CALGARY — A University of Calgary team tracking the city’s wastewater found sewage surveillance can serve as an early warning system for COVID-19 cases and outbreaks.
“We’ve demonstrated that we have a six-day leading indicator and we’ve been able to show that, at specific facilities like hospitals, we can predict outbreaks,” said Kevin Frankowski, co-leader of the project with the U of C’s Cumming School of Medicine.
“Basically we detect (outbreaks) as they occur, rather than having to wait for the clinical data to show up.”
Researchers say the same testing can be used in the future, whether it be for flu season or another pandemic.
“Similar to how detectives look for DNA evidence at a crime scene, we’re looking for the RNA signal that the virus that causes COVID leaves behind in the wastewater,” Frankowski said.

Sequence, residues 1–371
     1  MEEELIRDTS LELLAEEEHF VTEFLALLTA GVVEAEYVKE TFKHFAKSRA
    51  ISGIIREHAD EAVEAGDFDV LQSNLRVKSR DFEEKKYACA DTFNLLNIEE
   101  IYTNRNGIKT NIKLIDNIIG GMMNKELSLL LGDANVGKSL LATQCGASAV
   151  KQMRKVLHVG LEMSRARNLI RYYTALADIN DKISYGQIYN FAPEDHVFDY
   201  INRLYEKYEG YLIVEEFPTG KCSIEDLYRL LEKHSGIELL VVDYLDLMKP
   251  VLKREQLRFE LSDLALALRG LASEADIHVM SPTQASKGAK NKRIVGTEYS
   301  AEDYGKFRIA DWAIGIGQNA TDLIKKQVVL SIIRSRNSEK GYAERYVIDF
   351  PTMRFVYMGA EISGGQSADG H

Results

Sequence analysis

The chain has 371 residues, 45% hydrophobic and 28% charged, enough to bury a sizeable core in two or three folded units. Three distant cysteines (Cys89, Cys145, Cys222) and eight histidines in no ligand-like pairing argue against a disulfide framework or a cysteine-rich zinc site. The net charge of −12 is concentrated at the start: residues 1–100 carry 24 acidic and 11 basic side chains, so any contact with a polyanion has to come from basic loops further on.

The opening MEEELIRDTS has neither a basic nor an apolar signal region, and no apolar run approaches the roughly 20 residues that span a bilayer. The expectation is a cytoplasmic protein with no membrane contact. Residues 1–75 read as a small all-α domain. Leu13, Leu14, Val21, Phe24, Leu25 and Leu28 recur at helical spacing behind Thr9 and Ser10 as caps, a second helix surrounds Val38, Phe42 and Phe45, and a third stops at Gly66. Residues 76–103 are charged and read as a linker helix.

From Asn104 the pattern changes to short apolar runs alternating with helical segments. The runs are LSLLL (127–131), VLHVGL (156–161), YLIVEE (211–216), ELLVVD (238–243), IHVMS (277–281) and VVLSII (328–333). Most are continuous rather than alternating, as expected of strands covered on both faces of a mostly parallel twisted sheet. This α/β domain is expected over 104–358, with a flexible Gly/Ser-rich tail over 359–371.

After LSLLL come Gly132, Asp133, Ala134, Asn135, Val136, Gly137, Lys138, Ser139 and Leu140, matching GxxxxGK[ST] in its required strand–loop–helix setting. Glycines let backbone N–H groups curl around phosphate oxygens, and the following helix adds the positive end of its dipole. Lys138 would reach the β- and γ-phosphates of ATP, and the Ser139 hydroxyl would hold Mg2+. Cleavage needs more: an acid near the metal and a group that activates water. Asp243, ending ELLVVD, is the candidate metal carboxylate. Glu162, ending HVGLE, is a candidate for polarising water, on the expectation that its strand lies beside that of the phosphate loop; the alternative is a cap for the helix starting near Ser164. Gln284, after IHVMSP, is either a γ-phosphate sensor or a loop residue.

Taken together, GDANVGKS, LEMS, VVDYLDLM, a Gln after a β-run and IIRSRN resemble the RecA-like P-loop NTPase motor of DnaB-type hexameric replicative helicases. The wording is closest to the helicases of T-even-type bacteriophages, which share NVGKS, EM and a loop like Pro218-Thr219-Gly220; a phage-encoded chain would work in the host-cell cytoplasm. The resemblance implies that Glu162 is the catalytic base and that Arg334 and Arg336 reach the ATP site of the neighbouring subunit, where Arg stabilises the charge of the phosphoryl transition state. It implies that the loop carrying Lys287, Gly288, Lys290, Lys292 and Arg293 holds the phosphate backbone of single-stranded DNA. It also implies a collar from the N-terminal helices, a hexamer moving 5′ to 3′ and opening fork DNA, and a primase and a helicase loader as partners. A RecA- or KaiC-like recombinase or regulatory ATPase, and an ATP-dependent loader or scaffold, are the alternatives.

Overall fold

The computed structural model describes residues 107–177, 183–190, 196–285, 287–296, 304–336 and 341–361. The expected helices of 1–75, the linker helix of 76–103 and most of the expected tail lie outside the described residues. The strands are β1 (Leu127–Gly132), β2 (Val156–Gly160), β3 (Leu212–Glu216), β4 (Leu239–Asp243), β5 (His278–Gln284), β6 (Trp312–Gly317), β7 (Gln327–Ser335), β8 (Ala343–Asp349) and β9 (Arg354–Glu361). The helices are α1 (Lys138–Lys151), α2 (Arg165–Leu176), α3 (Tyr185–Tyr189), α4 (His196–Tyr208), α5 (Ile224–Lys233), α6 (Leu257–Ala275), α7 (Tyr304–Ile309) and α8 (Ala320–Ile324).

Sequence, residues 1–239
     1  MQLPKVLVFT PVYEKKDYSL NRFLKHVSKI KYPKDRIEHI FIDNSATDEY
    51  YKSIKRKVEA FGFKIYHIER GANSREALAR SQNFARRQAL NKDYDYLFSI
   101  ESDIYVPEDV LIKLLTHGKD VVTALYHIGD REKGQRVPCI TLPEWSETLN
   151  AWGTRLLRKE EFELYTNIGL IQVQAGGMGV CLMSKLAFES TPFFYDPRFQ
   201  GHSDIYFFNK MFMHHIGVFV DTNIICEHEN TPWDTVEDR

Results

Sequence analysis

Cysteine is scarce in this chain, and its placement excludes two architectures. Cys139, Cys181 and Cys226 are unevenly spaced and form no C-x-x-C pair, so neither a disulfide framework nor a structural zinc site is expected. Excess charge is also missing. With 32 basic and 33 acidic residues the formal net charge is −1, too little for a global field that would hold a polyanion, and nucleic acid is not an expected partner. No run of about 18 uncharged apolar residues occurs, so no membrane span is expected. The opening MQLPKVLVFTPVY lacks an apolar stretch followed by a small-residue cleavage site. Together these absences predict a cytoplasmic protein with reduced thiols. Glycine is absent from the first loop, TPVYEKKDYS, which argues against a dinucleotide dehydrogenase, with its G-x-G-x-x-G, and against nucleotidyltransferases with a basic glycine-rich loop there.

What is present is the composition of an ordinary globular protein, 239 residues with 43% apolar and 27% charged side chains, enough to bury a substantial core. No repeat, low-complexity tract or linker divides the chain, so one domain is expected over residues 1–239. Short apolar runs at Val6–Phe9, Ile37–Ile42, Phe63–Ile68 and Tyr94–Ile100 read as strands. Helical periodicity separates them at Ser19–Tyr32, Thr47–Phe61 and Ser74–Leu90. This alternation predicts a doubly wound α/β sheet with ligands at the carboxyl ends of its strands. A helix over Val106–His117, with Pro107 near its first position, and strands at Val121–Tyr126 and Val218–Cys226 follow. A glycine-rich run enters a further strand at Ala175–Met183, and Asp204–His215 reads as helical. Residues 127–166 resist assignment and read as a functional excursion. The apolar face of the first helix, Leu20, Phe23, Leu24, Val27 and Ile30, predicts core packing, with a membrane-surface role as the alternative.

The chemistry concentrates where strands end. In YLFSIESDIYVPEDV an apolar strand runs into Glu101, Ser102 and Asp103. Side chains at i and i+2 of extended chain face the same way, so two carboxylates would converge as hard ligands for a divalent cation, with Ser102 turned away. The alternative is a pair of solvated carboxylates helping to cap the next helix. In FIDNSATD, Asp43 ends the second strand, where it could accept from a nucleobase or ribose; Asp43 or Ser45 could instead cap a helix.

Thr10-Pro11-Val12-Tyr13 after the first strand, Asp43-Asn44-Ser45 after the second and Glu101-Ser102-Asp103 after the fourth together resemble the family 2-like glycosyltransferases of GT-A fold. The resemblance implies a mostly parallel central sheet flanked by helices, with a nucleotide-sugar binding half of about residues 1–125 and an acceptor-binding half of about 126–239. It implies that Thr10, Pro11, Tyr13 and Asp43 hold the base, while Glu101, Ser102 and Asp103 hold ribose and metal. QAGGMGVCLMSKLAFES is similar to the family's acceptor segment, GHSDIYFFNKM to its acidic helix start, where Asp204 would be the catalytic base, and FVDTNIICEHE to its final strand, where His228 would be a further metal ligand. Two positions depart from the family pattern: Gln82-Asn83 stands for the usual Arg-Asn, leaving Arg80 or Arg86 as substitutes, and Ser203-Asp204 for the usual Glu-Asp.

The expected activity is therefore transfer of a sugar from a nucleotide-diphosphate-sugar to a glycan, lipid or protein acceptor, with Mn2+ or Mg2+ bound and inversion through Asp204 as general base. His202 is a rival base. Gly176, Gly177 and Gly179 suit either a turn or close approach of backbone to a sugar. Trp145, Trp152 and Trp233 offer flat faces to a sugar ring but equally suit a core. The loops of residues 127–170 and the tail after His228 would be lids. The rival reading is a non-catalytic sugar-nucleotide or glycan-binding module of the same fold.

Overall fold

“So we’re not looking for the virus itself. We’re looking for the genetic fingerprint that it leaves behind.”
The wastewater testing project just wrapped up a one year pilot in Calgary. Samples were taken at three hospitals, three wastewater treatment plants and in seven neighbourhoods.
“The wastewater testing really does offer an early warning signal,” said Casey Hubert, another co-leader of the project and an associate professor in biological sciences.
“What we are sampling contains really valuable information from all the people who go to the bathroom in this region.”
In the same way COVID-19 outbreaks in certain facilities or neighbourhoods were noticed early, cases such as polio or measles could be found by using wastewater monitoring as well. So could other public health concerns like nicotine and alcohol or drug use, researchers say.